I was running on the treadmill the other day… slowly. My head started doing what it often does when I begin running, telling me I wasn’t going to complete the two miles I set out to run. I pushed the thought aside and kept putting one foot in front of the other as an upbeat song played on my iPod and motivated me to keep going. Before the song ended, I looked down at the treadmill screen that read .25 miles completed. I was one-eighth of the way done and that is when it hit me: I CAN do this. I have done it before.
I was that kid in middle school that couldn’t run. It wasn’t a lack of grace or asthma, it was my inability to breathe correctly, leading to me passing out near the finish line every time we had to run one mile in P.E. As an adult, I decided I wanted to begin running. I bought a book, read magazines, and began building my mileage. After accomplishing 8 miles I decided I was ready and wanted to train for my first marathon. I completed my training through 16 miles and felt very confident that I was going to be able to cross off an amazing feat for the “pass-out-girl”. Three days after I ran my 16-mile run I was scheduled an easy-four. During that run I tore my meniscus and my Paris Marathon was cut short by 19 miles. (I attempted, stubborn me, and made it to mile 7 before getting on the “injured bus.”)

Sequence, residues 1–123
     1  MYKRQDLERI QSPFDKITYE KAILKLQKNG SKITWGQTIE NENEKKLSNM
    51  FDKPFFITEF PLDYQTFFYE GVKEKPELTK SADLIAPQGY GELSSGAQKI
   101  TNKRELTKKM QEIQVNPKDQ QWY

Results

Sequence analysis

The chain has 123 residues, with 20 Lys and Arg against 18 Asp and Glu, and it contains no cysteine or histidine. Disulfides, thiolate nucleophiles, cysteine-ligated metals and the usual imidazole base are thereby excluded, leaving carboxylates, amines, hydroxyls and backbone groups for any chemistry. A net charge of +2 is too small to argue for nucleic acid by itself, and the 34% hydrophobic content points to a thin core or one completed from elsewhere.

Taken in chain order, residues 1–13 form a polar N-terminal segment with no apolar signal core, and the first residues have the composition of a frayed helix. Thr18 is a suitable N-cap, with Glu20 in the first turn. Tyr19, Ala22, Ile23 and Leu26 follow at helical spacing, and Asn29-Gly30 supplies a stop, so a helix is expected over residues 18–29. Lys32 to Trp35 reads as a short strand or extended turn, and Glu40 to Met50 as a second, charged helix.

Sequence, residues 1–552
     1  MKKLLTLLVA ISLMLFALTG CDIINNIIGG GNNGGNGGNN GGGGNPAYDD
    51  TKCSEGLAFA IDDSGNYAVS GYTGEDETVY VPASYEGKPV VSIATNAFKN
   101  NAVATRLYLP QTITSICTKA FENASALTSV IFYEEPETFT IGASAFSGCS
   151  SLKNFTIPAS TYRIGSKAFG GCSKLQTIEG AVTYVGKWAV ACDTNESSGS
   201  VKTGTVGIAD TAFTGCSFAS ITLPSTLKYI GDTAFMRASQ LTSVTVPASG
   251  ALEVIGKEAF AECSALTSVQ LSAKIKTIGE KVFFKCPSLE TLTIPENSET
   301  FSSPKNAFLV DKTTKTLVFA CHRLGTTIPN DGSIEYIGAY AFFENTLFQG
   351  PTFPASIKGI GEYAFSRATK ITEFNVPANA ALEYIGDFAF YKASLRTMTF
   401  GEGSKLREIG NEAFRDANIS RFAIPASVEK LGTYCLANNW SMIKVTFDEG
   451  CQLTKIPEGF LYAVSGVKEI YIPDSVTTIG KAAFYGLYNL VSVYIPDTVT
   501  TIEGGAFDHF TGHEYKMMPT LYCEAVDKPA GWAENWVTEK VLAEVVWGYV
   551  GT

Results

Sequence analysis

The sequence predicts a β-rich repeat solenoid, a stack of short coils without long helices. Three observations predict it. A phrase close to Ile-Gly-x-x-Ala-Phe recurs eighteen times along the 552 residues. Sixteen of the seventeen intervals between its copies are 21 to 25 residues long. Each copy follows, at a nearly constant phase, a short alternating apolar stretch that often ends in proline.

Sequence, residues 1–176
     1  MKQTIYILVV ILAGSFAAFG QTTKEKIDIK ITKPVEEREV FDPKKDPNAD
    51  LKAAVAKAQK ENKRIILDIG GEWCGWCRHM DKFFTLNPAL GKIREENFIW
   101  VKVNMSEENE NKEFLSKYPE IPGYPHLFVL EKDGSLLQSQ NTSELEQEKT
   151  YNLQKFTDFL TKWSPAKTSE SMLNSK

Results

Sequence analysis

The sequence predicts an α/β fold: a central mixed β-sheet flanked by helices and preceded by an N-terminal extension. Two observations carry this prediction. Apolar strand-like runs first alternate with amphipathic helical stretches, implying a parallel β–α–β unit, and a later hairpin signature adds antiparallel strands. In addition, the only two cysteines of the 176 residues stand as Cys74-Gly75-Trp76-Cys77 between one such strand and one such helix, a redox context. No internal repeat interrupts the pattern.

Then I started thinking… this is just like deployments. When my husband deploys, in the beginning there is some doubt, concern, and struggle. (I think it’s natural) However, just like running that two miles, I need to remember that I’ve done this before. (Even longer than this one.) Then I realized the following juxtaposition of running and deployments: Continue reading